Foreign students and #immigration – some extra background to #4Corners expose

The ABC TV program Four Corners has this week provided contemporary insights into problems surrounding the recruitment and education in Australia of international students. Degrees of Deception revealed corruption, plagiarism, lowering of assessment standards, poor English skills and misunderstanding of professional ethics. These problems affect not only the university sector but its graduates: they emerge as ill-equipped (and sometimes dangerous) for employment, whether in their home countries or here in Australia.

The program also drew attention to the implications for Australia’s immigration program: ‘Right now the country’s 40 universities are pulling in billions of dollars from students who are desperate for a degree from an Australian university and the possibility of a job and permanent residency.’

Does this sound like an immigration problem waiting to happen? Actually, it has been long under way. Warnings about the risks to Australia’s education system through the recruitment of international students were sounded in the late 1970s. Since then, many have observed and warned about the abuse of the educational system to fast-track migration outcomes.

Take a look at these gems:

  • From 1987 to at least 1991, ‘the Federal Government resisted advice to strengthen controls on foreign students taking short-term courses in Australia despite evidence that criminals and prostitutes were entering the country on student visas.’
    The Age, 27 March 1991
  • In 1993, the Federal Government ‘waived a requirement that [international] students have one year’s work experience before applying for a visa to live here’.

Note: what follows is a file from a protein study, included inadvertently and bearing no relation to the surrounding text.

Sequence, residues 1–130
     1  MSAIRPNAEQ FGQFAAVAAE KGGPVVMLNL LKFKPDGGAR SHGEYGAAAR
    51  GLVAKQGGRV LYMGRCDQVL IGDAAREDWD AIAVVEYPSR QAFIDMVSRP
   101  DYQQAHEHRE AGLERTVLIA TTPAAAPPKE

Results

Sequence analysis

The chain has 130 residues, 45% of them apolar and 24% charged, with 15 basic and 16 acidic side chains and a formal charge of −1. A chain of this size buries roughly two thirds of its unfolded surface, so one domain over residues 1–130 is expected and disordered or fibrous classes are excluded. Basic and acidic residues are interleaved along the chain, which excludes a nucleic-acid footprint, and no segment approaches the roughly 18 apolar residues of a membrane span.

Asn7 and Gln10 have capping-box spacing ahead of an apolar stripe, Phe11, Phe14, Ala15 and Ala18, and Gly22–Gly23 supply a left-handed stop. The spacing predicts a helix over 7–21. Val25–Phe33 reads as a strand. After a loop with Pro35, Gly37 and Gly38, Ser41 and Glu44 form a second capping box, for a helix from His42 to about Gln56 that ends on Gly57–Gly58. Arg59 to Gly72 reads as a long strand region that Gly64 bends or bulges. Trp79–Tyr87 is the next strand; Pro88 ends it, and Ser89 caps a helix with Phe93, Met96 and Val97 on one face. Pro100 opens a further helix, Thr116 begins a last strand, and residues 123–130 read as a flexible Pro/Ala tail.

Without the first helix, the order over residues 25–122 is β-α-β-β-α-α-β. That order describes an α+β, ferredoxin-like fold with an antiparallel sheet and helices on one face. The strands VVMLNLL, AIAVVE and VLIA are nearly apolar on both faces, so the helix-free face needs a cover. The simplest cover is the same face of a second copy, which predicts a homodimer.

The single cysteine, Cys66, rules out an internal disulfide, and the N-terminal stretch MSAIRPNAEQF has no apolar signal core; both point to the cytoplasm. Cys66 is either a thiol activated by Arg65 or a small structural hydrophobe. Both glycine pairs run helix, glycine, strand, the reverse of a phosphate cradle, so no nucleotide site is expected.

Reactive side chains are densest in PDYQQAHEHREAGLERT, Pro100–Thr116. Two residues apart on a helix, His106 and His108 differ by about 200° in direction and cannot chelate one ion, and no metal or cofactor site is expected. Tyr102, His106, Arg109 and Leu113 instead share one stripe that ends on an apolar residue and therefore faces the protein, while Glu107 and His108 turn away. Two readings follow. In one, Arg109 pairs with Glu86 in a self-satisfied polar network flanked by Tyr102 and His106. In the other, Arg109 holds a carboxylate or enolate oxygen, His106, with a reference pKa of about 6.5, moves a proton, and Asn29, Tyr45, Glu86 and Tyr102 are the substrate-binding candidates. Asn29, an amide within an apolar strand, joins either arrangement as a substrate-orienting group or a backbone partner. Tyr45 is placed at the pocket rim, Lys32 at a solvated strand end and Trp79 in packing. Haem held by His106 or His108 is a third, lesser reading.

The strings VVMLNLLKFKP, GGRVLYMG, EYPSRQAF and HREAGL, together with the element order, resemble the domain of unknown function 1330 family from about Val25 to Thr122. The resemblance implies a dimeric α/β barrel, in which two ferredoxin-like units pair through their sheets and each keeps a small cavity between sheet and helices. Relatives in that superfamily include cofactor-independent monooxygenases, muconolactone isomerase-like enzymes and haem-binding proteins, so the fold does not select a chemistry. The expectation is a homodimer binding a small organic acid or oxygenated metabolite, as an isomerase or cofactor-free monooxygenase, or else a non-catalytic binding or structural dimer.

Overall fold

Herald Sun, 19 December 1993
  • ‘Our prostituted education system, especially at tertiary level, is seriously addicted to a source of funding which needs to be wound back. Universities might do well out of fee paying foreign students, but for society as a whole this may not be the case. If Australian-born students are excluded from University or from desirable courses, social tensions are created that have a significant cost not always discernible.’
    Graeme Campbell, MHR Kalgoorlie, 20 December 1997
  • ‘Illegal immigrants are sneaking in Australia’s back door by applying for, and being readily granted, student visas. … [Immigration Minister Mr Ruddock] said that while foreign students contributed $500 million a year to Australia’s annual income, the system was also used to jump the immigration queue’.
    Adelaide Advertiser, 2 February 1998
  • ‘Four Indonesian students have become [Victoria’s] first convicted dealers of a deadly new designer drug known as ice’.
    Herald Sun, 22 January 1999

So these problems are not new, although Four Corners chose not to tease out the immigration implications.

Australia’s excellence in education is now as compromised as its immigration program.

[Further reading: The ‘Background Information’ section on the Degrees of Deception webpage provides a useful bibliography, from the present back to February 2007.]

[Update, 2016 – Here is a useful insight on the medical bills racked up by overseas students and other immigrants without health insurance: ‘Foreigners rack up millions in sick bills’ by Sean Parnell, The Australian, 18 March 2016.]